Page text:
Going into this game, everyone asks themselves one thing: how exactly did the Cardinals fall this far?
Well, a lot of us have similar answers (loss of Lamar Jackson, lack of recruiting, questionable personnel hires), but it all amounts to the same thing: this Cardinals team is nowhere near the danger it has been the past two seasons. I could go on and on about what has led Louisville to this point, but I’ll save that for other STS writers. For now, I’ll simply handle the preview for this Saturday’s high noon kickoff (believe me, this’ll probably be rather short compared to other previews).
Sitting at 2-6 overall and at the bottom of the ACC standings at 0-6, the Cardinals’ wins have come over Indiana State and Western Kentucky, the latter of which they only defeated by three points. The Cardinals don’t have much in terms of positivity: they’re near the bottom of the college football in rushing, averaging only 116.8 yards per game (119th), and putting up 232 yards through the air (70th).
It’s apparent that they didn’t put much thought into developing a quarterback for life after Jackson, as neither of their options have borne fruit. For the most part, the offense has run through Jawon Pass, who has left much to be desired. While throwing for 1,583 yards, he has only tossed seven touchdowns to eight interceptions with a 55% completion percentage. Freshman quarterback Malik Cunningham has received limited playing time, and while he’s shown flashes with his running ability, he hasn’t been handed the keys to offense. At least, not yet.
Pass hasn’t been given much of a run game either; Louisville has looked to a trio of backs in Trey Smith, Malik Cunningham, and Hassan Hall. Smith is the leading rusher of the group with 246 yards and four touchdowns with a modest average of 5.5 yards per carry. Surprisingly, Cunningham is close behind with 227 yards and two touchdowns with an average of 4.7 yards. Likewise, Hall, a freshman himself, is averaging 4.3 yards per carry and has 197 yards on the season.
The Cardinals’ other skill players have struggled this season as opposed to more recent years. Their leading receiver Jaylen Smith, who was often Jackson’s number one go-to-guy, has had his career worst season, putting up 24 receptions for 373 yards, but only putting up one touchdown. The Cardinals other leading receivers, Tutu Atwell and Dez Fitzpatrick, each lead the team with two touchdown catches. Given their struggles on offense, receiver production is likely to be hard to come by.
The struggles on defense don’t get better for the Cardinals, with cracks starting to show themselves last season. Surprisingly, the Cardinals are ranked 25th in pass defense yards, allowing 187.4 yards per game through the air. This is despite the loss of cornerback Jaire Alexander, who went on to become a first-round pick for the Green Bay Packers. On the other side, the Cardinals can’t exactly speak highly of their run defense, in which they rank 124th, giving up an average of 250.6 yards per game on the ground. Much of their struggles in run defense could also be attributed to the youth of their front seven, which is primarily composed of freshman and sophomores.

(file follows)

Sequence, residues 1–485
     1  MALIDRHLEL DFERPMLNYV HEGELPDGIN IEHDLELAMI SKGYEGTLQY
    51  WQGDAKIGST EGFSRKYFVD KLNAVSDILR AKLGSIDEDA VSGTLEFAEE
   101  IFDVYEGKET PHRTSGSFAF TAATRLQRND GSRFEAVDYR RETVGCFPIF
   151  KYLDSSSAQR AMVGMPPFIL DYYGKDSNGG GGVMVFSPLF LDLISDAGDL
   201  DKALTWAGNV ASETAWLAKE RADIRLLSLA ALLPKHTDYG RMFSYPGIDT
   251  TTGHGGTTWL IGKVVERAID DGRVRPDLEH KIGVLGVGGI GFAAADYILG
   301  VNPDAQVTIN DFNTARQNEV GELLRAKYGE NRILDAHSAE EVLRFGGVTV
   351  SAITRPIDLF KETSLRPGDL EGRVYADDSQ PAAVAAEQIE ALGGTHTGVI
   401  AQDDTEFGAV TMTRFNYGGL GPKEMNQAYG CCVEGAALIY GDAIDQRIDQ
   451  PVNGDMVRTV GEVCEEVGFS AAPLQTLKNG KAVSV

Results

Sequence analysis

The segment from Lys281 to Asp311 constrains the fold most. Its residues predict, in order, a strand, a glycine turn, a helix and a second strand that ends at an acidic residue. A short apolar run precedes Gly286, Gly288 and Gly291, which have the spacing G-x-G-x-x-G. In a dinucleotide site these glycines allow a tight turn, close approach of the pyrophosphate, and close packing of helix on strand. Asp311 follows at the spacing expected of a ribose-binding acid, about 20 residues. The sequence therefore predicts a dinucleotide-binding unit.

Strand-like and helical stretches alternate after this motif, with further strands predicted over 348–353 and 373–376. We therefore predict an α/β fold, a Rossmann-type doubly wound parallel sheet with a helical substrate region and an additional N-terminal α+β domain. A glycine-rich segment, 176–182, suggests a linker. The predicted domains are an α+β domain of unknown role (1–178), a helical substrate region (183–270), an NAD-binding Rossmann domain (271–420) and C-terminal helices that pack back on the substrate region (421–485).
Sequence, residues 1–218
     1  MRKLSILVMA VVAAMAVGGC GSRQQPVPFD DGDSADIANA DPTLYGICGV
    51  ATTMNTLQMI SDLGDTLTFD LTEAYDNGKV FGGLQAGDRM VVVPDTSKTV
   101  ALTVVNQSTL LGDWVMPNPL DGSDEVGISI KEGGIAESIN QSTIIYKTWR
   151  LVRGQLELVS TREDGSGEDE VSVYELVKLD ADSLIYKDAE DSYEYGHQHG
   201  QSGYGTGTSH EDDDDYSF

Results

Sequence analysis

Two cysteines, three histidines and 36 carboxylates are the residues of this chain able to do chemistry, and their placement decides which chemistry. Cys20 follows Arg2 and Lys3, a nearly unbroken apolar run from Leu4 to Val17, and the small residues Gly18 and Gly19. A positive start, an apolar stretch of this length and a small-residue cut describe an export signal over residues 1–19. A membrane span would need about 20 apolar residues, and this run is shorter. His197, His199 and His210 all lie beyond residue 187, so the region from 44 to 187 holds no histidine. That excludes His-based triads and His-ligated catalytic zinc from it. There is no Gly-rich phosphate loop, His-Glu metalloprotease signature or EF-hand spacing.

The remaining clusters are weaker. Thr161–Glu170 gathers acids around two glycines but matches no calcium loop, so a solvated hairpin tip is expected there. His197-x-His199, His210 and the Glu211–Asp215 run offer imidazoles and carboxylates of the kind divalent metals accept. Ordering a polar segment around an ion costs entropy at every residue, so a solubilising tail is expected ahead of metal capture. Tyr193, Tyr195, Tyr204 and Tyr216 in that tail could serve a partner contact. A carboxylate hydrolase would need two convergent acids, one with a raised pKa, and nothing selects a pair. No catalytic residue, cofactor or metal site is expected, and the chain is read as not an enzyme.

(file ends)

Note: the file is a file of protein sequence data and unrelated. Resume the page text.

The glaring issues in Louisville’s rush defense were evident last week, in which Wake Forest grinded out 368 yards on the ground. 243 of them came from RB Matt Colburn, who got sweet revenge on Coach Petrino, who pulled his scholarship late in the recruitment process. With the Tigers exploding through the air in recent weeks due in part to NC State and Florida State opting to shut down the run, Louisville presents a good opportunity for Clemson to re-establish its ground game. This game could be especially good for a back like Tavien Feaster, who, while being of the best backs in pass protection, has been having a down season with a career-low 193 rushing yards and two touchdowns, numbers which are below that of not only Travis Etienne, but Adam Choice and freshman Lyn-J Dixon.
The key to games like these against Louisville is staying engaged mentally and coming out of the game healthy. While the game has a very Wake Forest-feel to it, remember that Louisville is a team playing with nothing to lose, and a bad loss to the ACC’s worst team this late in the year could effectively end any chances at the College Football Playoff. There might also be a penchant to look ahead to a critical matchup against Boston College. However, a veteran team like Clemson has repeatedly demonstrated it knows how to handle its business. Additionally, being able to go up early quickly and having the backups finish the game while earning valuable reps is ideal. For this game, it’s essential Clemson continue to play smart and take care of business at home against a deflated Louisville team that might have to make a $14 million decision soon on head coach Bobby Petrino.